Landscaping with Common Junipers: Types, Uses, Care, and Facts

Landscaping with Common Junipers: Types, Uses, Care, and Facts

Common Junipers (Juniperus communis) are exquisite landscaping plants that can add color and texture to any yard. They are extremely popular and numerous varieties have been created to celebrate their diversity. You can find types of common junipers that grow into 15-foot tall columnar trees, while others grow less than a foot tall as low lying shrubs. Their foliage can vary from a deep blue-green tone to a bright golden yellow hue.

In this article, we will show you 11 of the best common juniper varieties you can add to your front yard or backyard. We’ll give you brief facts about their form, color, and how to use them for landscaping. Let’s start with growing tips and care for common junipers.


How to Grow and Care for Common Junipers in the Landscape

Soil Preferences

Common junipers are adaptable to almost any type of soil. They can even be grown in poor-quality and/or rocky soils. The pH of the soil can either be slightly acidic or slightly basic, from 4.0 to 8.0. As long as the soil allows for good water drainage, common junipers will adapt and thrive.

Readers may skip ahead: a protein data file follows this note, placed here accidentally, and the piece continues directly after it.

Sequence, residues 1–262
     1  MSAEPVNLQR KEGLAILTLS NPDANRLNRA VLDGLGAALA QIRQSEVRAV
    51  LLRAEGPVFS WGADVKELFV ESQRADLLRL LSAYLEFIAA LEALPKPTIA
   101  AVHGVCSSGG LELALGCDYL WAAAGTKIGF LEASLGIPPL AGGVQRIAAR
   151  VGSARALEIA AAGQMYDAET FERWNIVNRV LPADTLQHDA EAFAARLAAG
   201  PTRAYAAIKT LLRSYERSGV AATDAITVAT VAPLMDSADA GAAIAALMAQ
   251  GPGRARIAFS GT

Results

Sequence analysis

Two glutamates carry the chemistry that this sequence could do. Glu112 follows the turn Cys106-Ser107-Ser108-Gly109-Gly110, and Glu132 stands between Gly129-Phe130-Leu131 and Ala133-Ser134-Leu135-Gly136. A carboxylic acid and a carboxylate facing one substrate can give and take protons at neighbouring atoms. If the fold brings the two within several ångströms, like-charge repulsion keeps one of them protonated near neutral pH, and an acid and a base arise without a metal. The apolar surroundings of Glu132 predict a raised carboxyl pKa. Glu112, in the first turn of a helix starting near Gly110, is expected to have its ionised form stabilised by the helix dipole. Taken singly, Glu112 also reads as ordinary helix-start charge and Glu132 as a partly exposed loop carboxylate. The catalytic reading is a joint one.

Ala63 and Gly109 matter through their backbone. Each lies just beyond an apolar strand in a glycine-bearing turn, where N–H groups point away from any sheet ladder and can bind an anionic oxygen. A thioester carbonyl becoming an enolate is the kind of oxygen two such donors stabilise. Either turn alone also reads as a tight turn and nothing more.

Water Requirements

When it comes to watering, common junipers aren’t too picky. They will grow well in moderate moisture conditions and can tolerate drought once they’re established. Common junipers rarely require any supplemental water when grown in their native range. Waterlogged soils will lead to root issues for common junipers. When planting trees or bushes in clay rich soil, make sure to provide some ways of absorbing excess water, otherwise, the leaves will turn yellow. I recommend placing pine tree bark on the bottom of the planting hole.

Sunlight Needs

Common junipers will grow best when planted where they will receive full sunlight. They grow best when given 6 to 8 hours of direct sunlight daily. They can tolerate partial shade but may not grow as quickly or reach full size. Common junipers won’t survive long-term in full shade settings.

Temperature & Humidity Considerations

Common junipers are cold tolerant, with most varieties being able to withstand temperatures down to -49 degrees Fahrenheit. While native Juniperus communis can be grown from USDA hardiness zone 2 through 8, most cultivars shouldn’t be planted south of zone 7. Below zone 7, temperature and humidity levels can go above what common junipers are able to handle.

Fertilizer Use